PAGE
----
My rating: 4 of 5 stars
I met Garth Murphy several years ago surfing here in southern Baja with my board shaper. I am fortunate to be able to call him a friend and neighbor – he is a thoughtful, sensitive and intelligent man with an interesting history of his own. His book reflects those qualities.
I was quickly entranced by the historical details and beautiful descriptions of the land and life in southern California before it was annexed to the United States. The author created a believable and endearing cast of characters and a story that was engaging and made it hard to put the book down. As the story progressed, I cared more and more about the fate of the main characters, much as the story’s protagonist, Bill Marshall, did with the Cupa Indians. The author did a great job of avoiding hackneyed or cliche dialogue, a pitfall a lesser writer would be apt to fall into in a story of this sort. In particular, when it came to the Indian characters, their voices were each unique and authentic sounding. Furthermore, the handling of dialogue in multiple languages was done seamlessly and clearly. Although I am not an historian by any stretch, I felt throughout that the details (historical, geographical, and cultural) that put the meat on the bones of the story were accurate and thoroughly, if not exhaustively, researched.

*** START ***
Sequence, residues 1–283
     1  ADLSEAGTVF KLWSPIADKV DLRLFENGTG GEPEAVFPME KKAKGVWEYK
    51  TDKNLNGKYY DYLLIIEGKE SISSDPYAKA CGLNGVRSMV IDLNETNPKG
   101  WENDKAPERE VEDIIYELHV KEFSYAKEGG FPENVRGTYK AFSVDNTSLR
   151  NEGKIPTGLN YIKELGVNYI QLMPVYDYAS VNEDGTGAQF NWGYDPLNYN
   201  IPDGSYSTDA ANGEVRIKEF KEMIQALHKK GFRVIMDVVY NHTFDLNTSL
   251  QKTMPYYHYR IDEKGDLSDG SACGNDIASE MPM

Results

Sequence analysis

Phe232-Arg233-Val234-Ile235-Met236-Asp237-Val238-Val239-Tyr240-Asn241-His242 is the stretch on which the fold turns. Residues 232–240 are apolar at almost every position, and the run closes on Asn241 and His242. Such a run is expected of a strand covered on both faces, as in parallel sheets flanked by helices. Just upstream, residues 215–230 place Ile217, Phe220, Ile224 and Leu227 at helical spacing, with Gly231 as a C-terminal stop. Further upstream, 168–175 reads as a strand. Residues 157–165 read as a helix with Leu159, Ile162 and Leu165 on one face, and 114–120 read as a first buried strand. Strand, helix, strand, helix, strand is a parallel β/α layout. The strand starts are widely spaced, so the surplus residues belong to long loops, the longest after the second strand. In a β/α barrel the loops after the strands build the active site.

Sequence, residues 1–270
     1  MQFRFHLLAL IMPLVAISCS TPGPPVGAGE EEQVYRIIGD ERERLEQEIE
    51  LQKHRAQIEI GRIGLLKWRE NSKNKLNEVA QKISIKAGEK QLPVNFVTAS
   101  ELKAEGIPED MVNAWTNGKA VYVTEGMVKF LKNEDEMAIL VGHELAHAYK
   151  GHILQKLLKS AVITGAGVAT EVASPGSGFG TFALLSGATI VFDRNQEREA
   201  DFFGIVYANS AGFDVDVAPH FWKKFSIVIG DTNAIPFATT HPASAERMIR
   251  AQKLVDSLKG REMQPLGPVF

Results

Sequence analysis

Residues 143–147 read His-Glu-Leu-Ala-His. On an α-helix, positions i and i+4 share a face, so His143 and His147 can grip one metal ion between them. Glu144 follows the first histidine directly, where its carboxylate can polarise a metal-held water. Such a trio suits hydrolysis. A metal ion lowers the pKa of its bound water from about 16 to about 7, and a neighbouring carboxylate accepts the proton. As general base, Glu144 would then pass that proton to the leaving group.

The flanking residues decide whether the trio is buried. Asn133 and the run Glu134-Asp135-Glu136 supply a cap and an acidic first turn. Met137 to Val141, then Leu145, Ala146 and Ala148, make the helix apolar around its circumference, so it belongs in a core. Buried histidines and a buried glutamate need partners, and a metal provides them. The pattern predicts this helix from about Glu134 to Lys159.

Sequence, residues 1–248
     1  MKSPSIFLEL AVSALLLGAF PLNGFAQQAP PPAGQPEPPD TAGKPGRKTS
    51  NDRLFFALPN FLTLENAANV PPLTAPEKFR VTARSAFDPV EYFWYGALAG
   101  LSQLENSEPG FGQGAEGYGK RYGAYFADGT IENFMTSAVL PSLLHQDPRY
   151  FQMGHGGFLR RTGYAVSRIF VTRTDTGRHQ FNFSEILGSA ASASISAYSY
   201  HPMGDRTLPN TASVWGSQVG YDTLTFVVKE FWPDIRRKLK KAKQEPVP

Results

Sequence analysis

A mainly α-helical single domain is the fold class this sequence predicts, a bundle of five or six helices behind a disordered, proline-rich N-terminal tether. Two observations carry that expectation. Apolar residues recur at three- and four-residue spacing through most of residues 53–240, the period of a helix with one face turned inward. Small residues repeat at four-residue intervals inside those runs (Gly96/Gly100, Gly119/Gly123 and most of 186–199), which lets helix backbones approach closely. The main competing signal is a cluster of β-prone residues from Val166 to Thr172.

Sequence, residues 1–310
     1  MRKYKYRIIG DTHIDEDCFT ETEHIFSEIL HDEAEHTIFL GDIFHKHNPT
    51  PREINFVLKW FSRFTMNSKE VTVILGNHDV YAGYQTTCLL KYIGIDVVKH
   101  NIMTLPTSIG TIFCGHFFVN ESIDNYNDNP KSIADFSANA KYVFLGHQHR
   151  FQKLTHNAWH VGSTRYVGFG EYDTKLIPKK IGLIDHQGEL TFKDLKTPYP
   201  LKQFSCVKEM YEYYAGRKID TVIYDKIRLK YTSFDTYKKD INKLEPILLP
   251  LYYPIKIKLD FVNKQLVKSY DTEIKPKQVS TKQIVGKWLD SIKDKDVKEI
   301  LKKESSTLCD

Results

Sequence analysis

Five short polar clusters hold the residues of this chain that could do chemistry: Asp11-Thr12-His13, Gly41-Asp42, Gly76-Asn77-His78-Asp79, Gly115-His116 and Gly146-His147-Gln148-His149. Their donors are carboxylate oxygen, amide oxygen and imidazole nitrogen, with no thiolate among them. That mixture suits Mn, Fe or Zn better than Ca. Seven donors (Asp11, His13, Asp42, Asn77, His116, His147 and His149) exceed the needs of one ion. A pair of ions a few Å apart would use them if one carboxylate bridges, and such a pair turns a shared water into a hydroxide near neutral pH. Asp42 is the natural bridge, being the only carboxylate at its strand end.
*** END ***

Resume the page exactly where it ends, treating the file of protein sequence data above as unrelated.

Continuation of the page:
The bottom line is that I found this to be an excellent read (I would give it 4.5 stars if that was an option), thoroughly moving and full of beautiful, deftly rendered prose. For anyone with an interest in the history of California, San Diego County in particular, Mexican/American relations, the history of the cattle “industry” or who just likes a good love story – you’ll find it all here and more. If tears are a measure of emotional investment in a story, then by the end I was fully vested.